Hello, I'm sure there's a simple solution, but I'm not seeing it so any hints would be greatly appreciated. I have an array "A" of shape (NX, NY, NZ), and then I have a second array "B" of shape (NX, NY) that ranges from 0 to NZ in value. I want to create a third array "C" of shape (NX, NY) that holds the "B"th slice for each (NX, NY). For example: A = numpy.zeros((NX,NY,NZ)) A[:,:,0] = numpy.arange(0, NX*NY).reshape(NX,NY) A[:,:,1] = numpy.arange(1, NX*NY+1).reshape(NX,NY) and so on B = numpy.zeros((NX,NY)) B[0,0] = 0 B[0,1] = 1 so C[0,0] = A[0,0,B[0,0]] C[0,1] = A[0,1,B[0,1]] ... C[NX1,NY1] = A[NX1,NY1,B[NX1,NY1]] and C has shape(NX,NY) How do I accomplish this without loops? Thankyou for any advice, Catherine
Hi Catherine On 20141204 01:12:30, Moroney, Catherine M (398E) <Catherine.M.Moroney@jpl.nasa.gov> wrote:
I have an array "A" of shape (NX, NY, NZ), and then I have a second array "B" of shape (NX, NY) that ranges from 0 to NZ in value.
I want to create a third array "C" of shape (NX, NY) that holds the "B"th slice for each (NX, NY)
Those two arrays can broadcast if you expand the dimensions of B: A: (NX, NY, NZ) B: (NX, NY, 1) Your result would be B = B[..., np.newaxis] # now shape (NX, NY, 1) C = A[B] For more information on this type of broadcasting manipulation, see http://nbviewer.ipython.org/github/stefanv/teaching/blob/master/2014_assp_sp... and http://wiki.scipy.org/EricsBroadcastingDoc Stéfan
Posting in the correct thread now... A slightly different way to look at it (I don't think it is exactly the same problem, but the description reminded me of it): http://mail.scipy.org/pipermail/numpydiscussion/2013April/066269.html (and I think there are some things that can be done to make that faster, but I don't recall it right now) Ben Root On Wed, Dec 3, 2014 at 7:02 PM, Stefan van der Walt <stefan@sun.ac.za> wrote:
Hi Catherine
On 20141204 01:12:30, Moroney, Catherine M (398E) < Catherine.M.Moroney@jpl.nasa.gov> wrote:
I have an array "A" of shape (NX, NY, NZ), and then I have a second array "B" of shape (NX, NY) that ranges from 0 to NZ in value.
I want to create a third array "C" of shape (NX, NY) that holds the "B"th slice for each (NX, NY)
Those two arrays can broadcast if you expand the dimensions of B:
A: (NX, NY, NZ) B: (NX, NY, 1)
Your result would be
B = B[..., np.newaxis] # now shape (NX, NY, 1) C = A[B]
For more information on this type of broadcasting manipulation, see
http://nbviewer.ipython.org/github/stefanv/teaching/blob/master/2014_assp_sp...
and
http://wiki.scipy.org/EricsBroadcastingDoc
Stéfan _______________________________________________ NumPyDiscussion mailing list NumPyDiscussion@scipy.org http://mail.scipy.org/mailman/listinfo/numpydiscussion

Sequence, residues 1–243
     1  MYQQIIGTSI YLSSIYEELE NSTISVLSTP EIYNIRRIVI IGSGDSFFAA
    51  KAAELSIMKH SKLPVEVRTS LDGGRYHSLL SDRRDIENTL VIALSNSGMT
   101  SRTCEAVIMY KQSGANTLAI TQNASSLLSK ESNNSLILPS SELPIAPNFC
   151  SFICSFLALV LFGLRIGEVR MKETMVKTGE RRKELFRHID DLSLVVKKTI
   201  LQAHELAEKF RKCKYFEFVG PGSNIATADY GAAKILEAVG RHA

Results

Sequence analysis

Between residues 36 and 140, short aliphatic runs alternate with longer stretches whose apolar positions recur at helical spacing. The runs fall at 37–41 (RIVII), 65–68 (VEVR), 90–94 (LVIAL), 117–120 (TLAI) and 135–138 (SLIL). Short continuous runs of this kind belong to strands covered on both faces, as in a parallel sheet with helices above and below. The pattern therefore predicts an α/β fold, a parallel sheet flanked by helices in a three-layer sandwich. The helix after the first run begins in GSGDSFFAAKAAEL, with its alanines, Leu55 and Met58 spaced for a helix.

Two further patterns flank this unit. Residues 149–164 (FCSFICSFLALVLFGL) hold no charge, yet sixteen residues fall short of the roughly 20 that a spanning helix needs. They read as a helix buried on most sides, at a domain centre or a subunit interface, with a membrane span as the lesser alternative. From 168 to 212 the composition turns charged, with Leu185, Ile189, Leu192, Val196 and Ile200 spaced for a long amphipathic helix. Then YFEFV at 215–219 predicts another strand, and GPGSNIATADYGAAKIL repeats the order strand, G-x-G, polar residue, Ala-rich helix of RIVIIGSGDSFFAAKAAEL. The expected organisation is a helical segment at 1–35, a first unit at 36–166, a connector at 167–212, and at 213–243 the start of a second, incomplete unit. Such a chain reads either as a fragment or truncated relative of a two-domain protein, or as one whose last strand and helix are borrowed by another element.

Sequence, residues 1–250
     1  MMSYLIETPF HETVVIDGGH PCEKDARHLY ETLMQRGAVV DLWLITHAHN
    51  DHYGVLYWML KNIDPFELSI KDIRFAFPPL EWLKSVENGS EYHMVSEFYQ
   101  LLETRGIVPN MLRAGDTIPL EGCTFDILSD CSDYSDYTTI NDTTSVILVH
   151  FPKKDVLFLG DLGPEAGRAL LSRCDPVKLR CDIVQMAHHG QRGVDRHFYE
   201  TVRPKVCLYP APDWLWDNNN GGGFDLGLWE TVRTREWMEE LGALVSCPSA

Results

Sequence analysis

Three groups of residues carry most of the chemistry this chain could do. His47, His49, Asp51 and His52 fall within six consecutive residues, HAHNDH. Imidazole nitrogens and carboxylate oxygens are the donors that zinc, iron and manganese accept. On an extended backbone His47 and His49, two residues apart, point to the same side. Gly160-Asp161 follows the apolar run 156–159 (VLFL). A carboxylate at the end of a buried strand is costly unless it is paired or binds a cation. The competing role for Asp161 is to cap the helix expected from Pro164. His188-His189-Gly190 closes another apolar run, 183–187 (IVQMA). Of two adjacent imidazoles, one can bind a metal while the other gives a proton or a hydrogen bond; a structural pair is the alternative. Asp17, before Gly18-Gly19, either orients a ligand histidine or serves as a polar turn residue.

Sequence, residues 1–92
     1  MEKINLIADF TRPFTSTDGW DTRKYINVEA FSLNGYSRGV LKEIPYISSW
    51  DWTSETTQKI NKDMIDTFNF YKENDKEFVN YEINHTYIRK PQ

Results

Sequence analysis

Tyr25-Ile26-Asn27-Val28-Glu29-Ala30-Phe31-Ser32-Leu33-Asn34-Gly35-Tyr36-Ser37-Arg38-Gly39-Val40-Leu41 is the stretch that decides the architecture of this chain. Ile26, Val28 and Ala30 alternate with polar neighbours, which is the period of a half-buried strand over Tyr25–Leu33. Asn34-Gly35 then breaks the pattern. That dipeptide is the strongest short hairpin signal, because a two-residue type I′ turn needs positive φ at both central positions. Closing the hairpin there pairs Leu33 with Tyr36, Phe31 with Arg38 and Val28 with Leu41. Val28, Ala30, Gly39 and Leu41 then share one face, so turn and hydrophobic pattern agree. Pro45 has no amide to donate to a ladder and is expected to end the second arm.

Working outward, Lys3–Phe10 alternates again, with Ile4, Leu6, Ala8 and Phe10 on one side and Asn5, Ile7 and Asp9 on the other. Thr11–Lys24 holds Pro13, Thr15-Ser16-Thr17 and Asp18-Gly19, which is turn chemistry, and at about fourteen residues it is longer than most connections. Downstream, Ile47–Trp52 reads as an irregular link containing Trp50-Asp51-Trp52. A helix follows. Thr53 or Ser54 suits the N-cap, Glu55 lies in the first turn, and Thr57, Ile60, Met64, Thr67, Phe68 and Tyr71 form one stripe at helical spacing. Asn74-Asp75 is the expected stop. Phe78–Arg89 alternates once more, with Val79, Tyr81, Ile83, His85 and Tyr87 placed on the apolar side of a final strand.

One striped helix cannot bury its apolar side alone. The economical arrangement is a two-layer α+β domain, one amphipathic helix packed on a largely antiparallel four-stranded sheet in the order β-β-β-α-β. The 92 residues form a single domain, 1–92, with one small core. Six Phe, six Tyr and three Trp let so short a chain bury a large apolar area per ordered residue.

On Wed, Dec 3, 2014 at 4:02 PM, Stefan van der Walt <stefan@sun.ac.za> wrote:
Hi Catherine
On 20141204 01:12:30, Moroney, Catherine M (398E) < Catherine.M.Moroney@jpl.nasa.gov> wrote:
I have an array "A" of shape (NX, NY, NZ), and then I have a second array "B" of shape (NX, NY) that ranges from 0 to NZ in value.
I want to create a third array "C" of shape (NX, NY) that holds the "B"th slice for each (NX, NY)
Those two arrays can broadcast if you expand the dimensions of B:
A: (NX, NY, NZ) B: (NX, NY, 1)
Your result would be
B = B[..., np.newaxis] # now shape (NX, NY, 1) C = A[B]
For more information on this type of broadcasting manipulation, see
http://nbviewer.ipython.org/github/stefanv/teaching/blob/master/2014_assp_sp...
and
I don't think this would quite work... Even though it now has 3 dimensions (Nx, Ny, 1), B is still a single array, so when fancy indexing A with it, it will only be applied to the first axis, so the return will be of shape B.shape + A.shape[1:], that is (Nx, Ny, 1, Ny, Nz). What you need to have is three indexing arrays, one per dimension of A, that together broadcast to the desired shape of the output C. For this particular case, you could do: nx = np.arange(A.shape[0])[:, np.newaxis] ny = np.arange(A.shape[1]) C = A[nx, ny, B] To show that this works:
A = np.arange(2*3*4).reshape(2, 3, 4) A array([[[ 0, 1, 2, 3], [ 4, 5, 6, 7], [ 8, 9, 10, 11]],
[[12, 13, 14, 15], [16, 17, 18, 19], [20, 21, 22, 23]]])
B = np.random.randint(4, size=(2, 3)) B array([[2, 1, 2], [2, 0, 3]]) nx = np.arange(A.shape[0])[:, None] ny = np.arange(A.shape[1]) A[nx, ny, B] array([[ 2, 5, 10], [14, 16, 23]])
Jaime  (\__/) ( O.o) ( > <) Este es Conejo. Copia a Conejo en tu firma y ayúdale en sus planes de dominación mundial.
On 20141204 03:41:35, Jaime Fernández del Río <jaime.frio@gmail.com> wrote:
nx = np.arange(A.shape[0])[:, np.newaxis] ny = np.arange(A.shape[1]) C = A[nx, ny, B]
That's the correct answerin my answer I essentially wrote C = A[B] (== A[B, :, :]) which broadcasts the shape of B against the second and third dimensions of A (it's almost always a bad idea to combine index broadcasting and slicing). The notes I linked to are correct, though, and explain Jamie's answer in more detail (search for "Jack's Dilemma"). Regards Stéfan
participants (4)

Benjamin Root

Jaime Fernández del Río

Moroney, Catherine M (398E)

Stefan van der Walt